Vinaya Ghimire profile image

Vinaya Ghimire 3 years ago from Nepal

Christy, I was aware about health risk of too much salt, but did not know many of the things you have mentioned here.

Happy New Year! I wish you all the success in your life.

Cheers


Mike Robbers profile image

Mike Robbers 3 years ago from London

very interesting and well researched article and quite important knowledge even if I've never suffered from high blood pressure .. thank you


midget38 profile image

midget38 3 years ago from Singapore

Hi Christy, I must forward this to my father-in-law who takes in way too much salt! Thanks for sharing, and I'm passing it along.


Rolly A Chabot profile image

Rolly A Chabot 3 years ago from Alberta Canada

Hi Christy... wonderful article and something I have been paying attention to a great deal lately. All one needs to do is read the labels and taste anything processed and it is apparent someone has gotten carried away.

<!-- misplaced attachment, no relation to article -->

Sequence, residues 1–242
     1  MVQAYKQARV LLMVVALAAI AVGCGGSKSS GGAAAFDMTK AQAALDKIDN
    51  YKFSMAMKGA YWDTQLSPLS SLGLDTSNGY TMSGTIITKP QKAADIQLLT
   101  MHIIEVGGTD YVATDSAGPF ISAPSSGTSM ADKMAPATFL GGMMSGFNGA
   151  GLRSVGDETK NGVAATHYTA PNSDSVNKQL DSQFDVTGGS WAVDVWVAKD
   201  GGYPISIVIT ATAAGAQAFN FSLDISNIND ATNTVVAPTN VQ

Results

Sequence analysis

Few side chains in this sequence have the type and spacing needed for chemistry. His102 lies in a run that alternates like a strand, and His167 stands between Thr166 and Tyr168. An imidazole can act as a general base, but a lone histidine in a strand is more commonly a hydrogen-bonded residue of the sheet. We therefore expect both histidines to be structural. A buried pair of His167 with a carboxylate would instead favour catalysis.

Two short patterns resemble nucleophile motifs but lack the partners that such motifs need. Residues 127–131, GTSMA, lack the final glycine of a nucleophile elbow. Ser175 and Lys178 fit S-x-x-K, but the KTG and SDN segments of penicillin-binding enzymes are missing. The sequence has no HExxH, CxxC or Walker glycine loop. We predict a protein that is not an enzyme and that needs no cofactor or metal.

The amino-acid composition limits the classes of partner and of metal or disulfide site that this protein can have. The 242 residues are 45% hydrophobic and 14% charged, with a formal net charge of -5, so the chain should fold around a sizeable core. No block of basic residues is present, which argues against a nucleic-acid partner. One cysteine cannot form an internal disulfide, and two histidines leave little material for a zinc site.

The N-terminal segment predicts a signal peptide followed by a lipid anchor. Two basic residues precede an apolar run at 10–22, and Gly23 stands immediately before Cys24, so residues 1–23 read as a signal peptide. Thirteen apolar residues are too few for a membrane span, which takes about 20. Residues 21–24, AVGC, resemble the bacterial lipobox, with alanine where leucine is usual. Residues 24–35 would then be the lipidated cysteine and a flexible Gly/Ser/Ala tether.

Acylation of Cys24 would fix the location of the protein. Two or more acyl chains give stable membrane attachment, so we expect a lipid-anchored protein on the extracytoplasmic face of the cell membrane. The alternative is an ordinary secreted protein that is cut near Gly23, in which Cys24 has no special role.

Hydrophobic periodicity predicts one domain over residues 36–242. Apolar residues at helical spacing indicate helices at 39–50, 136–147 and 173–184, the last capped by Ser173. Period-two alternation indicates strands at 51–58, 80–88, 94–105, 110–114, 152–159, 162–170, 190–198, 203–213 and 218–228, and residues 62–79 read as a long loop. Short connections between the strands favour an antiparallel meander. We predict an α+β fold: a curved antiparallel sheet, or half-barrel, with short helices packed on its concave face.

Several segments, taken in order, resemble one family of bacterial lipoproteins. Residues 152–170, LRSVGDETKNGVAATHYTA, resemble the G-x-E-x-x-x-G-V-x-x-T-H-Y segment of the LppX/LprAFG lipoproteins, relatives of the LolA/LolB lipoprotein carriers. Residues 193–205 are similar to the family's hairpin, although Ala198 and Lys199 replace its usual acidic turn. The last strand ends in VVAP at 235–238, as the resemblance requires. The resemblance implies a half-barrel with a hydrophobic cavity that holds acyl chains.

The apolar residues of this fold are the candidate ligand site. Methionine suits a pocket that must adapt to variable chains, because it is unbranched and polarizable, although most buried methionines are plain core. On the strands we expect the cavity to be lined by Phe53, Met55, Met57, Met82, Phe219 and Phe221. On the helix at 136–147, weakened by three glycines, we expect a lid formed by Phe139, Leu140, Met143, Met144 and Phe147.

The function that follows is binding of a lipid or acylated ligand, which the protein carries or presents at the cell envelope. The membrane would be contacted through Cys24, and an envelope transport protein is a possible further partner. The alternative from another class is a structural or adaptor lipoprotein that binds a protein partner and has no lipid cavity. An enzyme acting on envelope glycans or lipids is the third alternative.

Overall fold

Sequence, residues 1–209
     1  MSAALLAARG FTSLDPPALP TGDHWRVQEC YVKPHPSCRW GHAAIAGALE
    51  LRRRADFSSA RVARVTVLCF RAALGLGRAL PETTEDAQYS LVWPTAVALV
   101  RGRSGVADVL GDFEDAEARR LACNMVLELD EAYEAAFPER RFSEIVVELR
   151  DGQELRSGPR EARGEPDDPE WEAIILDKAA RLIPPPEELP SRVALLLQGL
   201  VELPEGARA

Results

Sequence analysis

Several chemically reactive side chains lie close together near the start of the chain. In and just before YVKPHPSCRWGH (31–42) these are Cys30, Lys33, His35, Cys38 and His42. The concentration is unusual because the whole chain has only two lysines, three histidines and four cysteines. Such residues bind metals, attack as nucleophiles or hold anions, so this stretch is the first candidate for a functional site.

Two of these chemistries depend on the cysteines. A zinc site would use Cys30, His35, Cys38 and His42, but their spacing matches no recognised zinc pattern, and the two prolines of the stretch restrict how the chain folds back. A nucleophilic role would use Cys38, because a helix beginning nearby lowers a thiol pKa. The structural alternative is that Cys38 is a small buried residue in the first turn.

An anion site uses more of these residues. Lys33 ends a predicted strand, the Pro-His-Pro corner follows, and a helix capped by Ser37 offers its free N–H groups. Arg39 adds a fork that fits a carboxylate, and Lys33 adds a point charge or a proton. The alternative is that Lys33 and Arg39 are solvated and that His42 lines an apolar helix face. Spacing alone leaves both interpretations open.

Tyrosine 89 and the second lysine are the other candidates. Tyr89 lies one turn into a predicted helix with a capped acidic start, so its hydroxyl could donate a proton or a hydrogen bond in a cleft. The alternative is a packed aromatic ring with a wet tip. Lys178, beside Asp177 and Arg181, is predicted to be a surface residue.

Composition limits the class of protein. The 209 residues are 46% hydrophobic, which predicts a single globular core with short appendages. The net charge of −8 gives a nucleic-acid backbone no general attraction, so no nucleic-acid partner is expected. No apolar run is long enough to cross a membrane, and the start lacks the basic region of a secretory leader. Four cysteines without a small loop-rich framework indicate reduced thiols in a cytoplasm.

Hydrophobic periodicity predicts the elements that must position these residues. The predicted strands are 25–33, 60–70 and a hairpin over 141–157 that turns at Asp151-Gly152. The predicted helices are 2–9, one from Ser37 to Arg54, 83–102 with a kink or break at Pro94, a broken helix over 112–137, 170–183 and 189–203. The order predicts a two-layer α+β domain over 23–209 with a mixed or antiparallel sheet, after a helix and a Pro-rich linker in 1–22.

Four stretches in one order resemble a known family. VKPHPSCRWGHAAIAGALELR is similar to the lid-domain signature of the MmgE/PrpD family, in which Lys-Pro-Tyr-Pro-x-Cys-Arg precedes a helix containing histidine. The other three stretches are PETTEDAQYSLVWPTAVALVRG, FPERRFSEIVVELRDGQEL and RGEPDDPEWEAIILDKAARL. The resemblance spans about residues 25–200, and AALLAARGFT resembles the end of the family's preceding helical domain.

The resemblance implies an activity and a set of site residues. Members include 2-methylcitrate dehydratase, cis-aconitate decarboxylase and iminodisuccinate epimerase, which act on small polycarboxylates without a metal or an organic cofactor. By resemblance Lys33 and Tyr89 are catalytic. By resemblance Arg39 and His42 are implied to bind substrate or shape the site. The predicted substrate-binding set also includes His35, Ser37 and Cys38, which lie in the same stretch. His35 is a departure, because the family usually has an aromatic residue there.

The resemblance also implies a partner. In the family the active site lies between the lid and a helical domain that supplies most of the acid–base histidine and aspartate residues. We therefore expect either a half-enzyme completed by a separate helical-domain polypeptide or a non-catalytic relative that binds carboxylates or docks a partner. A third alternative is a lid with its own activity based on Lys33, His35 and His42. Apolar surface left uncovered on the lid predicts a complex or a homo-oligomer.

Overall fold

I have become far more aware of salt content. I still use it very sparingly and have gone to Kosher salt a few years back. Once you get away from salt your food takes on a whole new flavour...

Hugs from Alberta


TToombs08 profile image

TToombs08 3 years ago from Somewhere between Heaven and Hell without a road map.

I think I'm a salt snob. I don't like the average table salt, but usually go for the gourmet salts but in moderation. And I admit, I'm addicted to it and strangely enough, I don't suffer from high blood pressure. Actually, it's usually low.

Great information and very interesting. Voted up and shared. :)


Cyndi10 profile image

Cyndi10 3 years ago from Georgia

This is so very useful. The information is invaluable and could help prevent someone from developing high blood pressure.